1. Limited time only! Sign up for a free 30min personal tutor trial with Chegg Tutors
    Dismiss Notice
Dismiss Notice
Join Physics Forums Today!
The friendliest, high quality science and math community on the planet! Everyone who loves science is here!

Homework Help: Infinitel potential well

  1. Jun 8, 2014 #1
    three parts to this one, I cant seem to justify my values, units cancel, but the numbers don't seem right. I think I may have used a wrong equation for part B but I don't know what else to use.

    Problem: An electron is confined to an infinitely deep potential well of width 0.120 nm.
    a.) Calculate its ground state energy, E1
    b.)If the electron makes a transition from the n=3 state to the n=2 state, how much energy is carried away by the emitted photon?
    c.)What is the wavelength of this photon?


    a.) [tex]E_1 = \frac{pi^2 (hbar c)^2}{2M_e C^2 a^2}[/tex]

    b.) [tex]E_\gamma = E_3 - E_2[/tex]

    c.) [tex]\lambda = \frac{hc}{E_\lambda}[/tex]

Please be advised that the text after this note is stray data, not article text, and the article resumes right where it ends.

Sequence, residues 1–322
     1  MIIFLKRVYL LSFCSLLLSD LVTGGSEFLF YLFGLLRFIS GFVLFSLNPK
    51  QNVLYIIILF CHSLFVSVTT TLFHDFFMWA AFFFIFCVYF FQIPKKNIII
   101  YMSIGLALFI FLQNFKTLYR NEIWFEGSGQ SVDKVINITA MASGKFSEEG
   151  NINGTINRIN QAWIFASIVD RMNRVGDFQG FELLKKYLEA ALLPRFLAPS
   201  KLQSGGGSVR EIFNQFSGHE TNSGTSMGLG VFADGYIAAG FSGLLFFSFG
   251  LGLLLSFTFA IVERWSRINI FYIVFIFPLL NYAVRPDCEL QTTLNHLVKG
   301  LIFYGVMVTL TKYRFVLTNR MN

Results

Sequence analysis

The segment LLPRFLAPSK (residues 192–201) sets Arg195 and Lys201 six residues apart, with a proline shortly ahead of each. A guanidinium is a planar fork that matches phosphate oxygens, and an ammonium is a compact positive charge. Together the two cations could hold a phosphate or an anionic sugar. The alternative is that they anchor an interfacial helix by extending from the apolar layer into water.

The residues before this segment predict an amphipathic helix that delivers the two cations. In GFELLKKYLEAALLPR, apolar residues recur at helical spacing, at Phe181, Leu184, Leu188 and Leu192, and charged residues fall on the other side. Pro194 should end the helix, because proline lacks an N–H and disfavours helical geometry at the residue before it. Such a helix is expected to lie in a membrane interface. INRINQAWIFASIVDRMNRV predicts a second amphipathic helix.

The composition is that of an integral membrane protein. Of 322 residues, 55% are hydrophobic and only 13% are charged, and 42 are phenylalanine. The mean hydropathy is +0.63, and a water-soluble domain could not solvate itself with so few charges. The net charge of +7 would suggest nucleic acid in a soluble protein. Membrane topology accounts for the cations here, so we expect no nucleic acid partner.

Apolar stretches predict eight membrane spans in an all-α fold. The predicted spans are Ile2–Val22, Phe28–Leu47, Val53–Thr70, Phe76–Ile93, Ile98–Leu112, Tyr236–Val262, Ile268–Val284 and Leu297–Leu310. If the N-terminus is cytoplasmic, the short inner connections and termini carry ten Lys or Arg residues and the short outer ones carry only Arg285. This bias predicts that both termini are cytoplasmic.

My attempt:

    a.) using hbar*c = 197 ev*nm and MeC^2 = 511000 ev i get a value of 26.02ev for E1

    b.) using the same equation as above for the n=3 and n=2 states and subtracting I get 130.13ev

    c.) using hc = 1240 ev*nm I get an answer of 9.53 nm which doesn't seem right to me. I feel like the photon should have a larger wavelength.
  2. jcsd
  3. Jun 8, 2014 #2

    Simon Bridge

    User Avatar
    Science Advisor
    Homework Helper

    Why do you think the photon should have a bigger wavelength?

    Lets see - using ##h= 2\pi \hbar## ;$$E_n=\frac{n^2(h c)^2}{8mc^2a^2}=n^2E_1$$ (when you use LaTeX, put a backslash in front of the symbol name so \hbar renders as ##\hbar## etc.)

    hc=1239.8 eV.nm
    mc^2=511000 eV

    Looks good to me:
    Go through the arithmetic one step at a time, make sure you have squared the correct terms.
Share this great discussion with others via Reddit, Google+, Twitter, or Facebook

Have something to add?
Draft saved Draft deleted